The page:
Eliminate your opponents in order to become the last person standing. Gotcha is a game of tactics, tension and a tad of luck. It’s rather popular amongst youth movements and youngsters alike, and that’s why Student Information Network (SIN) created a Thomas More version, named ‘Gotcha More’.
Last year event planner Papaya Events, an organisation by students and for students, organised a Gotcha game in Leuven. This year Thomas More students everywhere will get the opportunity to play too.
How does Gotcha work?
The game itself is fairly easy. Everyone is appointed a target – the name of another player – to eliminate. When you have eliminated them – which only counts if no one else has seen it – their appointed name becomes your next target. In the end, only one can be left alive.
There are various ways of playing: you can give everyone a balloon to protect, or you can use small water pistols to shoot your victim. In the first case a player is eliminated when the balloon explodes, in the second case when they get hit by water from the water pistol.
In the Papaya Events version, players had to use little syringes filled with water – without the needle – to tag their targets. After the ‘kill’ the player and his victim had to take a selfie together to make it official.
More than Gotcha
The Thomas More version, Gotcha More, works with an app and QR-codes. Players have to paste a sticker on their target, and then scan the QR-code visible on the victim’s phone to confirm their kill in the app.
But this version isn’t quite the same as the others: players can continue playing after they’ve been eliminated. Players start in the regular pool, in which you get 20 points for each kill. If someone eliminates you, you end up in the kill pool. Then you still get 5 points per kill.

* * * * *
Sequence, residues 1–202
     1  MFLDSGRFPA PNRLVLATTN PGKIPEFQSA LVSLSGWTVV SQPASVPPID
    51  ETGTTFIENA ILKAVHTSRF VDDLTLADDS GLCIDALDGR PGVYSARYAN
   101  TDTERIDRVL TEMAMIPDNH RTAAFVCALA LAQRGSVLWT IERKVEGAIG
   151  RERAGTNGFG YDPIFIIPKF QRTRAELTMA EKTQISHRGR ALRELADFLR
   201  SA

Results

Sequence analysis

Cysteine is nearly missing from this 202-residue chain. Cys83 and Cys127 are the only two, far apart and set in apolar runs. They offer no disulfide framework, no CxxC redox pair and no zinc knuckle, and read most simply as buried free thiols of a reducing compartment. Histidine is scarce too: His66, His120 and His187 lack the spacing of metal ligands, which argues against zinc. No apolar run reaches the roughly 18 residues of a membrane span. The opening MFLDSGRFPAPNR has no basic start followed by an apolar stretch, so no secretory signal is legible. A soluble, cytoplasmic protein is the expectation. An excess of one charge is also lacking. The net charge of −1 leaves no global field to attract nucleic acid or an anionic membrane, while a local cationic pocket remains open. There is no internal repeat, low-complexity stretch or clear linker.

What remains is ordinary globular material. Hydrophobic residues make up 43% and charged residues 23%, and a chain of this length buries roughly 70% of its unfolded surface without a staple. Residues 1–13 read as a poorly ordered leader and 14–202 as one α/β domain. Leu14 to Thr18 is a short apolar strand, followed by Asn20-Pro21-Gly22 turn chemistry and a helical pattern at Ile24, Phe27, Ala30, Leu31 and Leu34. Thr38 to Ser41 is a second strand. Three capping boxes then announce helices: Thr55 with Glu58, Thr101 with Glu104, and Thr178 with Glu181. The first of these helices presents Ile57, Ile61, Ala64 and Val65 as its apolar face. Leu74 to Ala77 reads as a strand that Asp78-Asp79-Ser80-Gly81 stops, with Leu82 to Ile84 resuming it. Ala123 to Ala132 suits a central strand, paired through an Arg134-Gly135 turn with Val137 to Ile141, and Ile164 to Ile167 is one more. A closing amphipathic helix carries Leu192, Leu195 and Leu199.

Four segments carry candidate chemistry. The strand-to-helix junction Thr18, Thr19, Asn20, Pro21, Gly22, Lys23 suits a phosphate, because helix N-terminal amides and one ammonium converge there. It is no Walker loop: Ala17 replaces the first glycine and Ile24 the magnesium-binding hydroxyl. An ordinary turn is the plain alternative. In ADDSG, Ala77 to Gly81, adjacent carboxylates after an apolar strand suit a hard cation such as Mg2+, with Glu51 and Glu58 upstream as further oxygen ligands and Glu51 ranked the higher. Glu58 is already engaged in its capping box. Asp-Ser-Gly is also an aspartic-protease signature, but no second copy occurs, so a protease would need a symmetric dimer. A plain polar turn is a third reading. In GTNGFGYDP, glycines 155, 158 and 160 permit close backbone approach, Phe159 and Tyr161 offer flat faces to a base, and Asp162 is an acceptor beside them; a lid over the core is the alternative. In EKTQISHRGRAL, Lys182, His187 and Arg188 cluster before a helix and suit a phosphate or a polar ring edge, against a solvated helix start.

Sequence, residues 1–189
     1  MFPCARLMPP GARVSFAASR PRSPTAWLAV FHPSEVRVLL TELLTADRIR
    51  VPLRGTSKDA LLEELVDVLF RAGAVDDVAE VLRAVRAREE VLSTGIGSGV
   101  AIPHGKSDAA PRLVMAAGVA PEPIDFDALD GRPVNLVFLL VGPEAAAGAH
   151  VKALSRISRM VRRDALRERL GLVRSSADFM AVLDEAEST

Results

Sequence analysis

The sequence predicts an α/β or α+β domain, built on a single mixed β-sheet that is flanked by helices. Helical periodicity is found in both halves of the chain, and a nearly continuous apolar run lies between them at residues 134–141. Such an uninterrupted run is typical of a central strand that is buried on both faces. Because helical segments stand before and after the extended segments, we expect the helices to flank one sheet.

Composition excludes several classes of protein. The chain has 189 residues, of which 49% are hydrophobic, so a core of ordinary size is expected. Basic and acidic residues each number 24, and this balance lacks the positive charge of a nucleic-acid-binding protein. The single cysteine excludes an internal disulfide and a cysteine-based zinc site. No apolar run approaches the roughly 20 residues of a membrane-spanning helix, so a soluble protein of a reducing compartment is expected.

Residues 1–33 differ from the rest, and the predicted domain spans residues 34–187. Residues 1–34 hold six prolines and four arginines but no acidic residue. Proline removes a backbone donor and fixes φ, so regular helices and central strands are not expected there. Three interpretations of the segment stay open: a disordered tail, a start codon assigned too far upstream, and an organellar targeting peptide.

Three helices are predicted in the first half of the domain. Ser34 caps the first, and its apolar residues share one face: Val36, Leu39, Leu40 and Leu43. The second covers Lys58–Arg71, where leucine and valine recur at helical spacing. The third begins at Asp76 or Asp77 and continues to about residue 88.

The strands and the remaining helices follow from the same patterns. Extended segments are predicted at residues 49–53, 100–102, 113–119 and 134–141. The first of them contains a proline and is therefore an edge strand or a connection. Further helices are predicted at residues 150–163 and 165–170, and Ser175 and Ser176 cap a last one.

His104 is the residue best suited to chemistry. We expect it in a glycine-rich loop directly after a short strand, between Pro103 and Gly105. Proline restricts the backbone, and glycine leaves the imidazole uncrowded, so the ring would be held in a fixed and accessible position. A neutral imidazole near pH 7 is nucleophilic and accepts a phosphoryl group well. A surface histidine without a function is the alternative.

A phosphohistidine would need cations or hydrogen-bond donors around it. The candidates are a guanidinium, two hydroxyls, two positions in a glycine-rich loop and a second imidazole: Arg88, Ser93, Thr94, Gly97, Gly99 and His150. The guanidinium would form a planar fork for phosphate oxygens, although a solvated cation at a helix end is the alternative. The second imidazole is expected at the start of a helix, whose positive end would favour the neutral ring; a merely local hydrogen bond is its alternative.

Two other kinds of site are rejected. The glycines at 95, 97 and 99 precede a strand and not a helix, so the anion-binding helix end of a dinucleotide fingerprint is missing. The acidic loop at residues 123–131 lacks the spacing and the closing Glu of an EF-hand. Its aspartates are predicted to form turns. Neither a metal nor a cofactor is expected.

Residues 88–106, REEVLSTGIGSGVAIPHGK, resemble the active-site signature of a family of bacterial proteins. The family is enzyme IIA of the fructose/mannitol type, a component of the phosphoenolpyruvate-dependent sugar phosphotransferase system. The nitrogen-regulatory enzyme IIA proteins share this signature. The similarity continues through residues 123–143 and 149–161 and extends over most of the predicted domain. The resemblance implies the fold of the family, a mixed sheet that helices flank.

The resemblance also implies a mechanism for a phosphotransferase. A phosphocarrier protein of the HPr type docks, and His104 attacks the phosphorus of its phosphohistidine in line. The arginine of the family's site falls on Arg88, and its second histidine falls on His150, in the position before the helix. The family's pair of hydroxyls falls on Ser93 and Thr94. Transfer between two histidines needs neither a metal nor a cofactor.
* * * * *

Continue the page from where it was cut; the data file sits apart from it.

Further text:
Gotcha More: by and for Thomas More students
Jakob Robijns, a member of SIN – Student Information Network – explains: ‘I kinda got the idea. Papaya Events organised a game of Gotcha in Leuven, and I had played the game at summer camp too. I decided to sit together with some fellow students who could be interested, and from there on it started.’
Those students were also a part of SIN, the student organisation for IT people. ‘Normally we only offer web services, such as hosting a website, but we wanted to do more. Organising this game seemed a perfect way for SIN to grow,’ Jakob adds.
From idea to app
‘First we tackled the logistic side,’ Jakob continues. ‘We thought about how the app should work, what should be in it and how to divide targets for example. After a month of preparations we could finally get started on creating the app.’
Stuvo, an organisation for students at Thomas More, supported the SIN team. ‘In the beginning they helped via subventions, information and helping with the concept amongst other things. After playing the game a few times on a small scale, we told them we wanted to organise it on other campuses too.’ And so Stuvo held a meeting with the team, and now they are helping to organise Gotcha at all Thomas More campuses.
Time to play
The first test for an entire campus was in Geel. People could choose an association during their registration. Your points would then go to a common pool of that association. There were also prizes for the 10 best players.
‘Before we had played with IT people and friends, during basecamp – the first day for first year’s students – and during the hogeschoolcongres, a congress for all the teachers. The teachers played gotcha as a way of meeting each other.’
‘Then there was the first try on a larger scale in Geel,’ Jakob goes on. ‘In the beginning we feared that there wouldn’t be a lot of interest, because new concepts are hard to sell. That’s why we sat down with Atomos – the coordinating student association in Geel, and they made sure we could give away a keg to the winning association.’
‘This resulted in a lot of extra advertising among the associations, and there were even some that made participating a part of their initiation. In the end we had more than 100 players.’
Ten days of Gotcha
So from 3rd to 12th December students could eliminate their targets, anytime and anywhere. ‘There were peaks during café nights, because a lot of people run into each other during such nights. Someone even got eliminated at McDonald’s!’
And of course no new thing is exempted from teething troubles: ‘Difficulties lied mostly in the software. We encountered some mistakes that we had to resolve at the spot, which could be hard if they appeared during a party night for example.’
Gotcha More in Mechelen?
After a first successful trial the road was open: ‘In February we will organise a Gotcha game on all campuses.’ So, students of Mechelen hang tight, it’s almost our turn.
Text: Sofie Verdonck, pictures: © Jakob Robijns and Tijs Van Woensel